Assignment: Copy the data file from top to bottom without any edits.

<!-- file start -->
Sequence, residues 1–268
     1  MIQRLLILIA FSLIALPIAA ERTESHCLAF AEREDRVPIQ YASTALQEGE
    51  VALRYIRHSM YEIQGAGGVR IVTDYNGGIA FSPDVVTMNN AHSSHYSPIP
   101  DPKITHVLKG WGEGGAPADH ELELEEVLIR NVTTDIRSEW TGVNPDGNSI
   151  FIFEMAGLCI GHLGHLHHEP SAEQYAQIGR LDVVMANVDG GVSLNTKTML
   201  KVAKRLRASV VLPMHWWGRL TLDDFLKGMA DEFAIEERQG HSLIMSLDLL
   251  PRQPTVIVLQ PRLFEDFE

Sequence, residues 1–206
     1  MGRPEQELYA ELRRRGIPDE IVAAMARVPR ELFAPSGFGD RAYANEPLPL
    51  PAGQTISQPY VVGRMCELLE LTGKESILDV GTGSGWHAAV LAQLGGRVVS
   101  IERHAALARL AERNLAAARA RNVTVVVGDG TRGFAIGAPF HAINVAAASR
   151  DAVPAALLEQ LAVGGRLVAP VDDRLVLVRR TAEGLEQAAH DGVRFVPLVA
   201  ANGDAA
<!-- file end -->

Sequence, residues 1–268
     1  MIQRLLILIA FSLIALPIAA ERTESHCLAF AEREDRVPIQ YASTALQEGE
    51  VALRYIRHSM YEIQGAGGVR IVTDYNGGIA FSPDVVTMNN AHSSHYSPIP
   101  DPKITHVLKG WGEGGAPADH ELELEEVLIR NVTTDIRSEW TGVNPDGNSI
   151  FIFEMAGLCI GHLGHLHHEP SAEQYAQIGR LDVVMANVDG GVSLNTKTML
   201  KVAKRLRASV VLPMHWWGRL TLDDFLKGMA DEFAIEERQG HSLIMSLDLL
   251  PRQPTVIVLQ PRLFEDFE

Sequence, residues 1–206
     1  MGRPEQELYA ELRRRGIPDE IVAAMARVPR ELFAPSGFGD RAYANEPLPL
    51  PAGQTISQPY VVGRMCELLE LTGKESILDV GTGSGWHAAV LAQLGGRVVS
   101  IERHAALARL AERNLAAARA RNVTVVVGDG TRGFAIGAPF HAINVAAASR
   151  DAVPAALLEQ LAVGGRLVAP VDDRLVLVRR TAEGLEQAAH DGVRFVPLVA
   201  ANGDAA